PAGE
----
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We look forward to a new beginning at the end of the year. We want to let go of unproductive practices and work towards becoming a better photographer. The problem is that our resolutions for the New Year tend to be vague. For instance, “Get better at landscape photography,” “Become a Photoshop expert,” or “Earn (more) money from a photography company.” In addition, we don’t really put any effort into planning how our goals can be achieved.

One way this issue can be solved is by starting a daily habit. You could take a landscape photo each day, for example, or learn something new about Photoshop. This isn’t a bad approach, but we’ll look at how projects can help you achieve your objectives in this post. The benefits of working on projects are that they have a clear structure and deadline, they have an end result, and in the process, ideally, you will learn a lot.

The following five steps will help you to think about areas that you want to improve, create a particular project for each region, and plan to get started in the new year. Whether you are a professional or an amateur, an experienced photographer or a beginner, going through these steps will be useful.

1. Think: Consider the past and the future:

It’s good to first find out where you are before you set your objectives. By looking back on your past year of photography and making a list of your highs and lows, you can do this. Browse through the pictures that you took in the past year. There are some questions that you may be able to consider:

  • Which are the pictures you are proud of?
  • Which images require enhancement and how?
  • Have you picked up any new techniques and abilities for photography?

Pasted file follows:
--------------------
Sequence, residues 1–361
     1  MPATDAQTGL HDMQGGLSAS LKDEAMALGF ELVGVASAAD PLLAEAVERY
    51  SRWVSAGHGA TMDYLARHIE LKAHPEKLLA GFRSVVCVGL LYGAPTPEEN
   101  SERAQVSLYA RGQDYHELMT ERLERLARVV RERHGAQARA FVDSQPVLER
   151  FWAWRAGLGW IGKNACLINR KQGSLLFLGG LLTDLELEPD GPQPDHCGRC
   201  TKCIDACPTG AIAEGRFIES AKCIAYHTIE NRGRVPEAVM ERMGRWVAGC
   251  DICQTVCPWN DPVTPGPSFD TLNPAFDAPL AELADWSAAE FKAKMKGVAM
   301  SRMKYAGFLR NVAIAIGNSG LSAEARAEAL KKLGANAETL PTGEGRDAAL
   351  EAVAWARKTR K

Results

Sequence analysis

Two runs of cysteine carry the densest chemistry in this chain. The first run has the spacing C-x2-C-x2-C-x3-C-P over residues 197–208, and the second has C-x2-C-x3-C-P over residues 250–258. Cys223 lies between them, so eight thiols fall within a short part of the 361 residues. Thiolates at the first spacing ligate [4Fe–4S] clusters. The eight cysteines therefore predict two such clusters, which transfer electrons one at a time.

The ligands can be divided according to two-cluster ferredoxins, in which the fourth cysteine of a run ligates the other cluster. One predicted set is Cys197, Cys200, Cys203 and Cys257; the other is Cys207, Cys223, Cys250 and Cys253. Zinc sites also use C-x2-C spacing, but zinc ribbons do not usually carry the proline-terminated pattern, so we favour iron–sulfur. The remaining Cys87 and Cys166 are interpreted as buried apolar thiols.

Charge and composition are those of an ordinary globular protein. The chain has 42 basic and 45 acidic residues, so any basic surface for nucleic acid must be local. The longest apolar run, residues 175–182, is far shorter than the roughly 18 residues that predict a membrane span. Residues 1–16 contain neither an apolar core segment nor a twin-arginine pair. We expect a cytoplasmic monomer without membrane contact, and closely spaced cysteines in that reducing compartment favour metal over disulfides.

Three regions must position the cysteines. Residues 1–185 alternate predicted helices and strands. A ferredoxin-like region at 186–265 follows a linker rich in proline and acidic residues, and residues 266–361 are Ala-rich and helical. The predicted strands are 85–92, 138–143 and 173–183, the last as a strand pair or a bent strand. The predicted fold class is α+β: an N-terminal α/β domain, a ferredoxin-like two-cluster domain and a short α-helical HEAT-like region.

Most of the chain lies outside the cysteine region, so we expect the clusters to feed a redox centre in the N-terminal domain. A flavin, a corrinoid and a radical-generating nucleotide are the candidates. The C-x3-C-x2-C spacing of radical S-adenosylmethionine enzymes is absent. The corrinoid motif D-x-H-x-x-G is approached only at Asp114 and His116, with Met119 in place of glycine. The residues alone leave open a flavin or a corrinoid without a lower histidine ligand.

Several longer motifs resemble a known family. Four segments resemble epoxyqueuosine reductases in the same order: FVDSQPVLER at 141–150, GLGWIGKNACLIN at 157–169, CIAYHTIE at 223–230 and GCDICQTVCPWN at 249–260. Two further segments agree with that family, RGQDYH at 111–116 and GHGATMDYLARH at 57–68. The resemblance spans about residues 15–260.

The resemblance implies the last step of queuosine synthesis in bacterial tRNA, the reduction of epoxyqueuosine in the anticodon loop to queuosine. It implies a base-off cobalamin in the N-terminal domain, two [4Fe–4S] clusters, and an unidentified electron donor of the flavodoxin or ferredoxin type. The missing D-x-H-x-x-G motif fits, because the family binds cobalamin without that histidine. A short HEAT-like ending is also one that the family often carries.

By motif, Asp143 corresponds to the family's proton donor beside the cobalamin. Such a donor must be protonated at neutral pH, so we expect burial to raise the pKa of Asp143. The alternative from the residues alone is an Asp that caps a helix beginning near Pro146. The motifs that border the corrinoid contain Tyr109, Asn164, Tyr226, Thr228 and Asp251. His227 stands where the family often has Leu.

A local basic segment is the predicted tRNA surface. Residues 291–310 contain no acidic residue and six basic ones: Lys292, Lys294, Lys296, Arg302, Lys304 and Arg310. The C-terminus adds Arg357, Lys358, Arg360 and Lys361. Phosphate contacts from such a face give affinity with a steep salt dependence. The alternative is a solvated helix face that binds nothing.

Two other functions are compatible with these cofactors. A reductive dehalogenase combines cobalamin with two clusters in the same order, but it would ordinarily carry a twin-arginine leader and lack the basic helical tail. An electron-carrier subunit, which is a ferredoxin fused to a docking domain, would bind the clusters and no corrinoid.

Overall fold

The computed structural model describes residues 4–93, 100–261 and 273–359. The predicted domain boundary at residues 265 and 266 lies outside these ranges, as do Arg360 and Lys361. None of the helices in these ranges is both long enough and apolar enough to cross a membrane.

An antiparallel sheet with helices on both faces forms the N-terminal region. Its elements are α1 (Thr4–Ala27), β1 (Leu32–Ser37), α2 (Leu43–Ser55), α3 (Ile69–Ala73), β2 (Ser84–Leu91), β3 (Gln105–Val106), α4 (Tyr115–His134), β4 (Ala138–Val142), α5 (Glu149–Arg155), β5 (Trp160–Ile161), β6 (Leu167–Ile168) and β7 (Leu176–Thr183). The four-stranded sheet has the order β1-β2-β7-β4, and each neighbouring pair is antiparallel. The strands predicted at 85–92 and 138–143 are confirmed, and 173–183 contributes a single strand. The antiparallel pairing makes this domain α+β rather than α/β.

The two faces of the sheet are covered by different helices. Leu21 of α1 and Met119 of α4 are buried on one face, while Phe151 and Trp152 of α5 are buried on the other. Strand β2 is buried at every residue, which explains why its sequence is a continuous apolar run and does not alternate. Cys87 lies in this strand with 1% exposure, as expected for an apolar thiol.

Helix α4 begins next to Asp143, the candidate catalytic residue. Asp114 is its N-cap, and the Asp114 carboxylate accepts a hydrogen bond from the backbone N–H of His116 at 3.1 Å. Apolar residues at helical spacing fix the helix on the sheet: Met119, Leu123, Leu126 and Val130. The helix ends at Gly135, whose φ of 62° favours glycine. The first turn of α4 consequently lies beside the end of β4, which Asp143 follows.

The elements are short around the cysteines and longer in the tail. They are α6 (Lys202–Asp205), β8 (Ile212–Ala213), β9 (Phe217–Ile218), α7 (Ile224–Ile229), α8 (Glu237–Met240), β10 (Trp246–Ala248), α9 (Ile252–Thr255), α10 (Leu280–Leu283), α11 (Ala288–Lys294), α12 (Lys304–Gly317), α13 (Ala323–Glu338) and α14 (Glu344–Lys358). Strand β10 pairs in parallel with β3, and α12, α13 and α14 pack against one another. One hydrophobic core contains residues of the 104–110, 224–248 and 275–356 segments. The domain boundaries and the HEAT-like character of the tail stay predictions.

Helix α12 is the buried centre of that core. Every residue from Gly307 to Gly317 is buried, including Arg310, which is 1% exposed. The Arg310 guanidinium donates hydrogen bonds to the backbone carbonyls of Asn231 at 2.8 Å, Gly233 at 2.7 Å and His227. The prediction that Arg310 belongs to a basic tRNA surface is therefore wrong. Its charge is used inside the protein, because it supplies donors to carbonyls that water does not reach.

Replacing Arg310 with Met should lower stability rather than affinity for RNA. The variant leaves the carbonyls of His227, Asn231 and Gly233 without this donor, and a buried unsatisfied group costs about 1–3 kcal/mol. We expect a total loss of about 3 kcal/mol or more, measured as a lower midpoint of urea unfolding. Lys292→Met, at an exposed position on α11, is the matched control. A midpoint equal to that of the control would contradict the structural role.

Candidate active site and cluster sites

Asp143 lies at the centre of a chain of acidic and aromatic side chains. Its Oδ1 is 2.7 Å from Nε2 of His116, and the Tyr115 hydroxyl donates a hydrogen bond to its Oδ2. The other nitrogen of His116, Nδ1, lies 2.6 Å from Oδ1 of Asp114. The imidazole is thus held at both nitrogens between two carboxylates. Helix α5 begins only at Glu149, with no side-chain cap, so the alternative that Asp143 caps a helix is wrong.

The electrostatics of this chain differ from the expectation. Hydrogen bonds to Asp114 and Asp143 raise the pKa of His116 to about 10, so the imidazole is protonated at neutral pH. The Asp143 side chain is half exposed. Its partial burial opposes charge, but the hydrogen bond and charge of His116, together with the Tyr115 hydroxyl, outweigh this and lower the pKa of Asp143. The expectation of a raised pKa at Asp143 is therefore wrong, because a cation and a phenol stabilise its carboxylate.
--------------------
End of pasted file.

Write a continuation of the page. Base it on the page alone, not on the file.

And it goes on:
Have you been playing with a particular photographic genre (portrait, nature, macro, etc.)?
  • How have these experiments been going?

You may make a similar list of the services that you provide if you have a photography company. Which of your company practices or customers, for instance, gives you the most income and which is the least?

Looking at the list of highs and lows from the previous year, you should be able to tell which areas of photogr aphy you are good at, which areas require improvement, and whether you should quit doing anything, maybe.

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You will begin to think about the future from there. Add any photographic skill, technique or genre you want to learn to the list, or any new service you want to offer in your company. Write as many of them down as you can. You can look at the work of other photographers, or search through these photography lists and business ideas if you need inspiration for your list.

2. Focus: Narrow your interest areas:

You’ll have to concentrate your attention if you want to be successful in developing your photography. It would be great to be able to focus on all the items on your list at once, but chances are you won’t make much progress this way. Instead, from the list you want to concentrate on in the new year, you can aim to select three to five regions.

At this point, understanding what motivates you is useful. Select places that you think are lucrative if you’re motivated by capital. Try to choose places that are interesting and challenging for you if you get bored easily. If you focus on what you want to do, instead of things that you think you should do, you will have a better chance of success.